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iesvilla

Print looking "creamy"

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I'm having a problem with this specific print (one of the ultimaker fans). Originally I thought that it was a leveling problem, since 3/4 of the print came out fine, but one of the corners just didn't stick. Now, I was sure the platform was leveled, and started to print, and the PLA came out all gummy/creamy.

 

Any help?

 

Just used the regular high settings from cure, nothing special, and I've had great results up to this point with the default settings cura gives.

 

IMG 20131017 143044[1]

 

Edit: it seems as if the filament just randomly overflows or underflows after the first few lines of printin.

 

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It may be going over temperature for some reason.

Check your connections in your thermistor path.

 

I realised a couple of days ago that a fan I printed got kind of stuck, so there's some bits of burnt PLA, but I managed to print pretty well after realising this. Could some damage due to the material sticking be the problem?

 

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It looks like you're first layer is very very close to the bed, so theres a bunch of excess plastic that can't really get out, and gets squished around. Try turning all four leveling screws on the bed a quarter turn clockwise, to lower the bed slightly.

The bits of burned PLA won't do any harm.

 

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It looks like you're first layer is very very close to the bed, so theres a bunch of excess plastic that can't really get out, and gets squished around. Try turning all four leveling screws on the bed a quarter turn clockwise, to lower the bed slightly.

The bits of burned PLA won't do any harm.

 

Well, it required A LOT of leveling and adjusting the end stop, but it seems as if it worked, thanks :-P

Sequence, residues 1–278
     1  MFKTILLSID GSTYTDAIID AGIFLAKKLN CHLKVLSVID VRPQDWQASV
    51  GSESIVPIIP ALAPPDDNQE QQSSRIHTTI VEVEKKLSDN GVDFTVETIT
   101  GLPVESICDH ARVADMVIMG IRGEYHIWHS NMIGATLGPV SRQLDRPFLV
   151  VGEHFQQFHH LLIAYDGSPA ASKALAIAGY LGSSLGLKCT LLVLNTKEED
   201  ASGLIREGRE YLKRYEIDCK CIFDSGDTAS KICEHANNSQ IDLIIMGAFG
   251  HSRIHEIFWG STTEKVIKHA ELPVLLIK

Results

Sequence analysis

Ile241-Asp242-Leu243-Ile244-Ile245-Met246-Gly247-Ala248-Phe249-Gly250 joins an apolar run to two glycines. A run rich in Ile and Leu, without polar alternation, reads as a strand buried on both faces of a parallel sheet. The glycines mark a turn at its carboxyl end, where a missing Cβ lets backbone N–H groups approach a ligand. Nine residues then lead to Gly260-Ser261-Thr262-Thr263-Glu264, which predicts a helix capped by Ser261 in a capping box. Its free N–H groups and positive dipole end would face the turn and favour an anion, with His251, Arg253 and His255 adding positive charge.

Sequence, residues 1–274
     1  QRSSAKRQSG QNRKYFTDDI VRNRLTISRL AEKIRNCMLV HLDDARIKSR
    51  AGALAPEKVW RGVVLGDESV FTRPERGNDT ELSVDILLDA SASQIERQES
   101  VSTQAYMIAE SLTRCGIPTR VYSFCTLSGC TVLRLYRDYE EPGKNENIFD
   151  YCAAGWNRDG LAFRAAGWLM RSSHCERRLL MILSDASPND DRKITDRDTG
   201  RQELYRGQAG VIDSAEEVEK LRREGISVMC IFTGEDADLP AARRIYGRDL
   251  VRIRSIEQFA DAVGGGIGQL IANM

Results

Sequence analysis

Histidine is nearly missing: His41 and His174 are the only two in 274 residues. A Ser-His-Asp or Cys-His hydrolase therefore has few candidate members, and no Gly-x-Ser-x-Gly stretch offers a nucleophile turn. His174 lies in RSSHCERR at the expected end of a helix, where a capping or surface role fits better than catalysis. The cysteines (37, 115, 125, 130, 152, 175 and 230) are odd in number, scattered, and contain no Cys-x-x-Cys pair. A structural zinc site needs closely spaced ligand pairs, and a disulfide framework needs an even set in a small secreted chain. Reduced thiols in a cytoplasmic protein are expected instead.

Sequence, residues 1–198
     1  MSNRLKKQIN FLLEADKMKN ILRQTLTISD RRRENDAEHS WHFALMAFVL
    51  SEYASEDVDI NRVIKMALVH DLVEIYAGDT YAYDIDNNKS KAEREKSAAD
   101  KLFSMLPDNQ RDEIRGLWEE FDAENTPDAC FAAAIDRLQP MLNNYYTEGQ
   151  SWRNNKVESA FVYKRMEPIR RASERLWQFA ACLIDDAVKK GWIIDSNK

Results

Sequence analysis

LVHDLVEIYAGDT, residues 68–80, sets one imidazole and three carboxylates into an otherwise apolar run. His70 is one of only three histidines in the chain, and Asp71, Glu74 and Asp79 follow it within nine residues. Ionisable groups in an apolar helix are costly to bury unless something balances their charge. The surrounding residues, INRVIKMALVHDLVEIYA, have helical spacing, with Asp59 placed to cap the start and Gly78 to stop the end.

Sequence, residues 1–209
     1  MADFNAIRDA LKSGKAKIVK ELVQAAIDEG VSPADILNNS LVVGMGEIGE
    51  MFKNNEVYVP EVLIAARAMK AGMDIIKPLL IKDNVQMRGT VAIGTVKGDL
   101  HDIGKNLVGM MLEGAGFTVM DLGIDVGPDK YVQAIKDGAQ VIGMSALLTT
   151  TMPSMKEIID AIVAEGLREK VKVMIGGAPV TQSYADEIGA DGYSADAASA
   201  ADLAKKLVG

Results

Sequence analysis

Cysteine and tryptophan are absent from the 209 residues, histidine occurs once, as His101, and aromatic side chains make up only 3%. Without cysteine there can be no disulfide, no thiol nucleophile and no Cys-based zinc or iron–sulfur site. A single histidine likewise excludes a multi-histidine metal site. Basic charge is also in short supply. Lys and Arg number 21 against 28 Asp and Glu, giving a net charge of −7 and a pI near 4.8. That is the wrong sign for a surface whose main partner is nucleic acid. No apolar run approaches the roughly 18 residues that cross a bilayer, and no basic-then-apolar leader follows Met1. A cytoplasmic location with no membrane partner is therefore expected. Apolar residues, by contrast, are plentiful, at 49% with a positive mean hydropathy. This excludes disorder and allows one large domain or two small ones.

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When the first layer is .3mm thick you only have to level to an accuracy of .1mm which is about the width of a piece of paper and difficult to do but not too bad. When the first layer is .1mm thick you have to level to about 1/3 of the width of a piece of paper. This is very difficult. On your "fine" settings I'm guessing the first layer was .1mm.

Also I can see in one corner the layer is so thin because the bed is closer to the print head.

Some people just grab the z screw as it's printing the skirt/brim and twist it a few clicks if it is too low or high.

 

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How to level:

leveling here is defined as setting the Z height and also leveling. It's one procedure that does both at once.

Optionally heat up the nozzle to 180C because a cold nozzle shrinks and you will be setting the bed to the wrong height. Make sure tip of nozzle doesn't have any plastic on it or you may level to the wrong height. I usually prefer to level with a cold nozzle but if you want extra accuracy then use hot nozzle. If you have a heated bed that should also be warm for the same reason.

Home the z axis only. If you must home all 3 then you need to disable the steppers once it's done so you can move the print head by hand. Move the head as close as possible to each of the 4 screws in turn. Once at a screw tighten the screw and then slip a piece of paper between the nozzle and the print bed. Make sure the paper slides very freeley. Then loosen the screw until the paper gets slightly stuck. You want the paper to easily be able to slide in and out under the nozzle with one hand pushing the paper. If the paper gets stuck it's probably too tight under there.

Repeat this procedure for the other 3 screws. Then go back to the first screw and repeat on all 4 screws again. Then repeat on all 4 screws again. Then again. It may take you 20 minutes to do this the first time but the second time you do this it should take much less time because you are both better at it, faster at it, and because there isn't much to adjust the second time.

If you leveled with a cold nozzle you are done. If you leveled with a hot nozzle you should then loosen the 4 screws 1/8 of a turn to compensate for the thickness of the paper.

Once done leveling rotate the z screw by hand to keep the nozzle off your bed. This makes it less likely to damage your bed surface and gives the nozzle room to leak.

On a new ultimaker repeat this procedure before every print (at least every hour) because the print bed can move/droop like a new guitar string. After many months the droop slows down.

 

 

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